As soon as the service was over, we shuffled outside and made lunch plans. He joined us, and I was so thankful to see how the other students exercised such congeniality toward him. Of course, it helps that he's one of the more confident and friendly types. After lunch, three of us encouraged him to walk back to main campus with us, and it's no coincidence that we three were also the same ones who walked TO the service. It was during that journey when I first informed the other two that he would be joining us, that he knows very little of what we believe and would need some people to come alongside him that day for explanation. What they accomplished on the walk back was something that I cannot duplicate or even improve because they're his peers and, more importantly, his national peers. I'm the foreign teacher, and that's not ever gonna change.

We arrived back and took a few extra minutes to meander through campus. Ending up at my dorm, I remembered that I had agreed to loan out a few DVDs to the girl in our group, so I ran upstairs and grabbed some movies for her. While I was rummaging through my collection, I came across the Narnia tales and decided that my morning guest might benefit from watching them. At the very least, I knew that I could use the videos as a way to introduce him to the concept of allegory.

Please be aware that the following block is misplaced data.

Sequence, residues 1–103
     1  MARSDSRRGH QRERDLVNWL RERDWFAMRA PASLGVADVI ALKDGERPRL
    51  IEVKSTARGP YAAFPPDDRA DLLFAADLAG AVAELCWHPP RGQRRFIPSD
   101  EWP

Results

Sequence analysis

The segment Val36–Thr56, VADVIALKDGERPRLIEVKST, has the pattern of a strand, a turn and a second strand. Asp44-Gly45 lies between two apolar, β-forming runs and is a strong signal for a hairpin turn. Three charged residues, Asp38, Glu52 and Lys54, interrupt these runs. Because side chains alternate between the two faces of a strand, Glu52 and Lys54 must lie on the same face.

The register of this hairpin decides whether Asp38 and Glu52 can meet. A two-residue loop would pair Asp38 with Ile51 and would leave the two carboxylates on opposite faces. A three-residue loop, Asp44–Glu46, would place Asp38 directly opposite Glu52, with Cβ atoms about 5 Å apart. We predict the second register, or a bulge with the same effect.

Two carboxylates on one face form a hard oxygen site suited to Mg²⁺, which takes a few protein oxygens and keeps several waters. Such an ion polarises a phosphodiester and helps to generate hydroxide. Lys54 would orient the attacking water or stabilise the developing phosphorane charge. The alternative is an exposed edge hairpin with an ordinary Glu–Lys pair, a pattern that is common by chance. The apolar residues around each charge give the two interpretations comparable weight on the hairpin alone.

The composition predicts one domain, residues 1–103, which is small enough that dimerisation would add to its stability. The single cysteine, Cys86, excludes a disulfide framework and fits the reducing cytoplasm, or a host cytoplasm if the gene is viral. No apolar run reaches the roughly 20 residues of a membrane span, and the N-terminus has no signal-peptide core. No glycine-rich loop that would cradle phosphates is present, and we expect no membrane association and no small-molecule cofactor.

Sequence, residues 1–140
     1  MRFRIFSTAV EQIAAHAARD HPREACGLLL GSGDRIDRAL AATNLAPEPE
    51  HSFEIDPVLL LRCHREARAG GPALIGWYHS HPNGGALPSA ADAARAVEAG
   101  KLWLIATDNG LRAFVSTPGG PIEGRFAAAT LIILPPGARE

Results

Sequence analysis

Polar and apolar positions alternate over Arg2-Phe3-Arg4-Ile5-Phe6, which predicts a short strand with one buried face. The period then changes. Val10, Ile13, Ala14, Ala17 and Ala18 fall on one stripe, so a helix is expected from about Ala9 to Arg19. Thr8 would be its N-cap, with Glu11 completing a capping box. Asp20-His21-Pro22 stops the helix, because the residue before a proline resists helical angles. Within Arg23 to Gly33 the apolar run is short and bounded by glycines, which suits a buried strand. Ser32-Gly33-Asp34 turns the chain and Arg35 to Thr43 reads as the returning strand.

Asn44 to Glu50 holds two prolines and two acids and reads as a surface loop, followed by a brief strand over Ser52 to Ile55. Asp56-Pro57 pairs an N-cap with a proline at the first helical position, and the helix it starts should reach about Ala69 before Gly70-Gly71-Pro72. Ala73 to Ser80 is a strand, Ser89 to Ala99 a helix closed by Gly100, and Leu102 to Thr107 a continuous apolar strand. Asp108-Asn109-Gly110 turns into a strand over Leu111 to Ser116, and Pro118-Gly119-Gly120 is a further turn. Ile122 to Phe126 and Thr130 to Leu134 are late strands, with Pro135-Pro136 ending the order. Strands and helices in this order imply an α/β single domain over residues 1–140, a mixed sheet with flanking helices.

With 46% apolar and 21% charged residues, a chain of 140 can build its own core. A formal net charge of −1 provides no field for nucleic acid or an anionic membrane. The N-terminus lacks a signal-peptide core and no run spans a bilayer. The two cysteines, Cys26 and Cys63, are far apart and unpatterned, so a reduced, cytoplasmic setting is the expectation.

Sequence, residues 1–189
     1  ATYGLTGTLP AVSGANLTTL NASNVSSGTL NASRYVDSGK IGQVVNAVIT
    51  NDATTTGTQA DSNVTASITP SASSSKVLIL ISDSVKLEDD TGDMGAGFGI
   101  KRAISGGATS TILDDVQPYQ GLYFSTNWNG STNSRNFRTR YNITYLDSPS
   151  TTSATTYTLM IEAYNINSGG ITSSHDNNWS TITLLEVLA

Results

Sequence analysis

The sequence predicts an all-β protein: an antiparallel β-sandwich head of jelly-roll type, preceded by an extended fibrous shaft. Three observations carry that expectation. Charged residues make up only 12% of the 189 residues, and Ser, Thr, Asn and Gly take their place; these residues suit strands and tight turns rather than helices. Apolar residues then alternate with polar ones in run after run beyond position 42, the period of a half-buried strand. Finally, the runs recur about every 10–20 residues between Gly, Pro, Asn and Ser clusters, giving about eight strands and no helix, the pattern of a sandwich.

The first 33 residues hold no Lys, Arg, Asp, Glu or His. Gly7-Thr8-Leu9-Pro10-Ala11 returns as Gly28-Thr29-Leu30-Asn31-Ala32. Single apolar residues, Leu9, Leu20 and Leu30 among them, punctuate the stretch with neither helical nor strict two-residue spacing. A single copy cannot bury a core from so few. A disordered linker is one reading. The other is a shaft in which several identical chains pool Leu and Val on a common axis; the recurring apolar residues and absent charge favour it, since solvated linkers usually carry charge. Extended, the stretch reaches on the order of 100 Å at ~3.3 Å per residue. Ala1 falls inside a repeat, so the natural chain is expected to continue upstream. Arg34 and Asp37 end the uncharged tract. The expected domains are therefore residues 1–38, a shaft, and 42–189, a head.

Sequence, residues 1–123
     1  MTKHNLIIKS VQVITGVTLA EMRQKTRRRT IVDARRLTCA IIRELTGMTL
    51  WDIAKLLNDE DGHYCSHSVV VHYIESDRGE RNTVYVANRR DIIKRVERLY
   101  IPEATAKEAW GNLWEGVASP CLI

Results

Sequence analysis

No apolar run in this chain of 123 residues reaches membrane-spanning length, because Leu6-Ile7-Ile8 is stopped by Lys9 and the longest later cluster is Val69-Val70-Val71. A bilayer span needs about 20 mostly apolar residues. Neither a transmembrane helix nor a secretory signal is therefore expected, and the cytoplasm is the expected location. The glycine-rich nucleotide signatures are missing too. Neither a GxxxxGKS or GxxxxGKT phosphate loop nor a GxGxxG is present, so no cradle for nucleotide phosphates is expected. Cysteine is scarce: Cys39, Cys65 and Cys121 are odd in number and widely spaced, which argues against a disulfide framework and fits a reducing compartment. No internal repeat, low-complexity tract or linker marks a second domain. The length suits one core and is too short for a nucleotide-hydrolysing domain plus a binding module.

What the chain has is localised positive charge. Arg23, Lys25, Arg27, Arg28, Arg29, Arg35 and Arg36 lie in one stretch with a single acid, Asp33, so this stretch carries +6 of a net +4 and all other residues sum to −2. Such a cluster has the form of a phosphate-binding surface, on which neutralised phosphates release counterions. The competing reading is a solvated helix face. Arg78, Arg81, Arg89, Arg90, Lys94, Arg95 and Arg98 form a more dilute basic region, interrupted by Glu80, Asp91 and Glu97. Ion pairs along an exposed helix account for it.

I returned to the lobby and presented them with the selection. He immediately went for the Narnia movies. I tried not to look too excited.

And that was the last time I saw him. I teach his class again this Wednesday (and every Wednesday until the end of the semester). If you've made it this far into the reading, then please pause for this young man. Ask that his eyes and ears may be opened. Ask that he may have the peace for which he longs. Ask that my presence and influence in his life would find favor with his family. (Parents and grandparents can make or break relationships here.)

So that was my Easter weekend.

No pastel dresses and little girls with bows. Just a crowd in jeans and old people with wiry hair.

No swelling orchestra music filling the sanctuary. Just a guitar, an ill-tuned violin, and a choir of four mangling their way through a song from “Sister Act II.” I'm not kidding.

No formal dining table offering ham with macaroni and cheese. Just a restaurant full of Chinese people and me, ordering the likes of pork, eggplant, and cabbage dishes.